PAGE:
This past Saturday evening, our father, Richard J. Brennan, Sr. (better known as Dick) passed away after 83 years of living his life to the fullest. We couldn’t be prouder to have called him Dad, and we’d like to take a moment to share his story. It is definitely one that deserves to be told.
Our Dad was kind, gentle and giving. A mentor, visionary, leader and statesman. He loved his family, staff, city, state and country. His motto was “leave it better than you found it.” He was the ultimate New Orleanian and a true Irishman.
He was born on Third Street in the Irish Channel in November of 1931. Dad was the second youngest of six children, in what would become a family known for fine dining Creole in New Orleans. His life reads like a storybook, in which good fortune, hard work and ingenuity led to many successes. In high school at St. Aloysius, he was a star basketball player. He was all-district and all-state for his high school career and State MVP for three years (all except his freshman year). Coach Rupp from the University of Kentucky recruited him for their championship team. However, his mother fell ill prior to the start of school, so he opted to stay close and attend college at Tulane University in New Orleans.
A star of their team, he led Tulane to victory over Kentucky in his senior year—the only game that Kentucky lost that season. For his successes on the basketball court, he was inducted into the Tulane Hall of Fame in 1991.
During college he began dating mom, who would become his wife of nearly sixty years, Lynne Trist Brennan. They met through our aunt Dottie – mom’s friend from their years of attending the Academy of the Sacred Heart in New Orleans. Shortly after graduating from Tulane, they were married. Dad completed two years of Law School before he enlisted in the Army and was stationed in Augusta, Georgia and Williamsburg, Virginia. When he returned to New Orleans, he intended to finish Law school but his brother, Owen, and both parents passed away within a year of one another, he instead went to work at the family’s restaurant, Brennan’s on Royal Street. With his siblings, he was instrumental in opening Brennan’s in Houston, Dallas and Atlanta, as well as Chez Francis in Metairie, Louisiana, Mr. B’s Bistro and the Friendship House on the Gulf in Mississippi.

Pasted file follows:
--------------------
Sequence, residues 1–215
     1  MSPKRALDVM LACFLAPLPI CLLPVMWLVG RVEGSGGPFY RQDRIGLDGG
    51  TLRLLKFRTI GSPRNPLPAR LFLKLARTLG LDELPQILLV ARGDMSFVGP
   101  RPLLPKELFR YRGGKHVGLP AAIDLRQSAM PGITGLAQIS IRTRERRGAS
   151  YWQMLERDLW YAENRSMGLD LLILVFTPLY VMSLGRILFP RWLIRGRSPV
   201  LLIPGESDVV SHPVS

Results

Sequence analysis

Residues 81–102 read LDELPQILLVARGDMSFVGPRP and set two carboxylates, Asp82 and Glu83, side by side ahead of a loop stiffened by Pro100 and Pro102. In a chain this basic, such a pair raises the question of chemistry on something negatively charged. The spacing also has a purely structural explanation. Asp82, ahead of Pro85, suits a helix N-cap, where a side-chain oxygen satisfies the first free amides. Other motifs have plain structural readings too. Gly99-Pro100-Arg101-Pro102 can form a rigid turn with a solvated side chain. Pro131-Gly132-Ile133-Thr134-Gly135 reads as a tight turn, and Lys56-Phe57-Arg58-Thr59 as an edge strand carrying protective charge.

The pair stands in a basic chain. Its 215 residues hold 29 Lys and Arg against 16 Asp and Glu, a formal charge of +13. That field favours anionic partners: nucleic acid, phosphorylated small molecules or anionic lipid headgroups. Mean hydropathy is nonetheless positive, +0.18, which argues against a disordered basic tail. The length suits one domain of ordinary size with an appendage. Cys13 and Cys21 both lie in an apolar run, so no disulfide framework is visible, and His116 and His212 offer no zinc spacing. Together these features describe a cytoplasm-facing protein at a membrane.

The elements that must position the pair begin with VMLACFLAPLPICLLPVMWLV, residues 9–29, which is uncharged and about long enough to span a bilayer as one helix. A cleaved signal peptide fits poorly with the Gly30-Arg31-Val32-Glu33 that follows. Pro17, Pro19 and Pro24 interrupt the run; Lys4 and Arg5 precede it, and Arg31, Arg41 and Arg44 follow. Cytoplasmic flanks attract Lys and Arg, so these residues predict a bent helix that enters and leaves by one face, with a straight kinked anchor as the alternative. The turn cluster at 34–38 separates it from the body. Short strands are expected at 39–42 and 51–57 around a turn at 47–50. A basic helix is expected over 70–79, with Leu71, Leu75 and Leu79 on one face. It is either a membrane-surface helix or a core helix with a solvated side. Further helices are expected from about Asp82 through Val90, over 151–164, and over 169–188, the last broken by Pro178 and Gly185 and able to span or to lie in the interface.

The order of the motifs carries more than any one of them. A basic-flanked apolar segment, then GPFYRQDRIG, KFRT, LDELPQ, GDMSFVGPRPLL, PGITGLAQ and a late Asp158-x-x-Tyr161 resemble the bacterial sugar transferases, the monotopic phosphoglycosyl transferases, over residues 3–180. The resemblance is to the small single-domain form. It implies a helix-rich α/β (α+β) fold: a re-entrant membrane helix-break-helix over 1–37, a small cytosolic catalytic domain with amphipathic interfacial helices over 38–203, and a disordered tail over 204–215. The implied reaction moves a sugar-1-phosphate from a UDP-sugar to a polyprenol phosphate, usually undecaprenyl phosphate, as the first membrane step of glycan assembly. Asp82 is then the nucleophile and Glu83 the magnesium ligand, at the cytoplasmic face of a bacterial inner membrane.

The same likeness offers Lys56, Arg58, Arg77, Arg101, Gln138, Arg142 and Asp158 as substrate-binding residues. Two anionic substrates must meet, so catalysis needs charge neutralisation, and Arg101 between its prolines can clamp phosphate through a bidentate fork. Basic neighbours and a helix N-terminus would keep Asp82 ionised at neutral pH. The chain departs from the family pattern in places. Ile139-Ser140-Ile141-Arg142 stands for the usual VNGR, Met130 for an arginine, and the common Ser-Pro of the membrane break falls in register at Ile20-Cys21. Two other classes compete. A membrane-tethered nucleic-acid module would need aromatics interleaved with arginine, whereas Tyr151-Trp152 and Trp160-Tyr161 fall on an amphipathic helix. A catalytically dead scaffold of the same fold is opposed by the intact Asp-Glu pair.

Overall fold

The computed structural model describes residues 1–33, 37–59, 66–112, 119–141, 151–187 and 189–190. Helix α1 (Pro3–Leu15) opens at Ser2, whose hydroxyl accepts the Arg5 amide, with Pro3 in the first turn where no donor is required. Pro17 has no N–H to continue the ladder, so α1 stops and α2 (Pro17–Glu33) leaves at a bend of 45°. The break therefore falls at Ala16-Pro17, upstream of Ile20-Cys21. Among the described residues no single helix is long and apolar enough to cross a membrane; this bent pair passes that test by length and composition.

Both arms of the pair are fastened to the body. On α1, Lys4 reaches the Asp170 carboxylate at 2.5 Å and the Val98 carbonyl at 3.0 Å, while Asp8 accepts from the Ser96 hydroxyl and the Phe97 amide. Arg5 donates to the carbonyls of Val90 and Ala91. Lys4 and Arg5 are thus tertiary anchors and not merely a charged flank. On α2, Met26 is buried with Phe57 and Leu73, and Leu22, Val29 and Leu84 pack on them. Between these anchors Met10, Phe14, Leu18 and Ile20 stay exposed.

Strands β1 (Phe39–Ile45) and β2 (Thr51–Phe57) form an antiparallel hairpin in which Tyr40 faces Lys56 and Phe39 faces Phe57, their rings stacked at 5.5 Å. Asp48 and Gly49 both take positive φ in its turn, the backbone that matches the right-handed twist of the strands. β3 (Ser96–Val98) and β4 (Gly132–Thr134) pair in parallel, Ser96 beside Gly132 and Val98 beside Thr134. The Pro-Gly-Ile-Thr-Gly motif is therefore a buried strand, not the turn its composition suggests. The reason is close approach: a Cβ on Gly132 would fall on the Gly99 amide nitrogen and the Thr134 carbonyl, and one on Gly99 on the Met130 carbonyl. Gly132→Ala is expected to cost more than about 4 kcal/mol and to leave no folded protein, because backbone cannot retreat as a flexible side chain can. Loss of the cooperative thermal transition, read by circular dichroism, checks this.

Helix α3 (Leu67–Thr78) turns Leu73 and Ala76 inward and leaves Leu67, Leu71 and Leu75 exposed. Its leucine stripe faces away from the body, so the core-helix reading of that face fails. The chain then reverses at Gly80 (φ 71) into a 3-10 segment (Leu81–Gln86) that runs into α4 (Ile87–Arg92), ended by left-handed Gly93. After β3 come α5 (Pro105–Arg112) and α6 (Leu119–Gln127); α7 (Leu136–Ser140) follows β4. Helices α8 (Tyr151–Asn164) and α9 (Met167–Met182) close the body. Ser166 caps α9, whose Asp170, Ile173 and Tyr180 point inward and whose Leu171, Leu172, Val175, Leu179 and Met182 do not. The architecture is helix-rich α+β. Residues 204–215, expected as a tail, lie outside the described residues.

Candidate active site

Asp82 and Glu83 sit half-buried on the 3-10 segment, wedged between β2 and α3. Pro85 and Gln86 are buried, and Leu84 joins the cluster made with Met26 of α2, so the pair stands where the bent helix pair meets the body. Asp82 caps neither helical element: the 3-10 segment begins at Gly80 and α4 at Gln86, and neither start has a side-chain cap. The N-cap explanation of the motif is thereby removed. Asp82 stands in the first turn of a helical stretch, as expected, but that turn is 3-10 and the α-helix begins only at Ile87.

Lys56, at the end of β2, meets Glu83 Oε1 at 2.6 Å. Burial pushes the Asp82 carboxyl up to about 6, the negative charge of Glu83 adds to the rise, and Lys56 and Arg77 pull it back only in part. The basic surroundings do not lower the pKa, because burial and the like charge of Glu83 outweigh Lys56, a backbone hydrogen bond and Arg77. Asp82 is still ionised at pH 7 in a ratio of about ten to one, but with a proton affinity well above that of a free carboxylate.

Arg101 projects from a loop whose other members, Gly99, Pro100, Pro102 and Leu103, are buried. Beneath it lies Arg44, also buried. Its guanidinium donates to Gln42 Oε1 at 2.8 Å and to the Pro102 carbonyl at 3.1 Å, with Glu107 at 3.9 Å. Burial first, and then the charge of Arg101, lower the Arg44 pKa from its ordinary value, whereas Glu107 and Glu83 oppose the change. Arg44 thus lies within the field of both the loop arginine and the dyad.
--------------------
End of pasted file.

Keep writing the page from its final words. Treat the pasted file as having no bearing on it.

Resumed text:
In 1973 the Brennan’s split their restaurant interests, and Dad along with his siblings John, Adelaide, Ella and Dottie took control of Commander’s Palace. The New Orleans’ Garden District landmark had faded over the years and the siblings were tasked with reviving the nearly 100-year-old restaurant. Dad was passionate about New Orleans and America. He recognized the sheer bounty of our region, including ingredients and talent. Instead of European chefs, he hired from the area. Chef Paul Prudhomme and Dad collaborated on dishes that today have become synonymous with New Orleans cuisine. He walked to work each day from our home on Third St., and each day he passed a pecan tree. He wondered why almonds were used to coat fish and not pecans that were grown locally? From this simple question posed to Chef Prudhomme, pecan crusted fish was born.
The same could be said about his taste in spirits. He featured California wine on the list at Commander’s Palace years before this was commonplace. Dan Duckhorn from Duckhorn Wine said that Dad believed in him and his product and that he was the first to put it on a wine list. He was well known for saying “If you’re going to drink whiskey, drink American, drink bourbon!” Growing up with this mantra, helped inspire the concept for our restaurant, Bourbon House.